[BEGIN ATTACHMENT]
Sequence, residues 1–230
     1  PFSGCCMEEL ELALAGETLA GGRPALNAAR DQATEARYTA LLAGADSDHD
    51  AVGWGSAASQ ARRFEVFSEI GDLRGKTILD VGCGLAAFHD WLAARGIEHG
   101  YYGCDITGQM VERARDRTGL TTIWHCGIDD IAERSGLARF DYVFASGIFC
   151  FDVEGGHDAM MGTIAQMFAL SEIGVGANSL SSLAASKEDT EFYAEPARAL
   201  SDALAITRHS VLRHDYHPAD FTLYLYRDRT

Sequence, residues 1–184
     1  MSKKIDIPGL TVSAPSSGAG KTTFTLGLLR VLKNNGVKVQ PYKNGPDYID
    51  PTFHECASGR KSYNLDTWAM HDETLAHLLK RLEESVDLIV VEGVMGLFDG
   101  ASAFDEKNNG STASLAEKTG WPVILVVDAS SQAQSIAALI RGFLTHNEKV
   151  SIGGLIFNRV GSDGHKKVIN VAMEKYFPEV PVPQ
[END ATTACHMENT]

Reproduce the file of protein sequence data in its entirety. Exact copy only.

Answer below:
Sequence, residues 1–230
     1  PFSGCCMEEL ELALAGETLA GGRPALNAAR DQATEARYTA LLAGADSDHD
    51  AVGWGSAASQ ARRFEVFSEI GDLRGKTILD VGCGLAAFHD WLAARGIEHG
   101  YYGCDITGQM VERARDRTGL TTIWHCGIDD IAERSGLARF DYVFASGIFC
   151  FDVEGGHDAM MGTIAQMFAL SEIGVGANSL SSLAASKEDT EFYAEPARAL
   201  SDALAITRHS VLRHDYHPAD FTLYLYRDRT

Sequence, residues 1–184
     1  MSKKIDIPGL TVSAPSSGAG KTTFTLGLLR VLKNNGVKVQ PYKNGPDYID
    51  PTFHECASGR KSYNLDTWAM HDETLAHLLK RLEESVDLIV VEGVMGLFDG
   101  ASAFDEKNNG STASLAEKTG WPVILVVDAS SQAQSIAALI RGFLTHNEKV
   151  SIGGLIFNRV GSDGHKKVIN VAMEKYFPEV PVPQ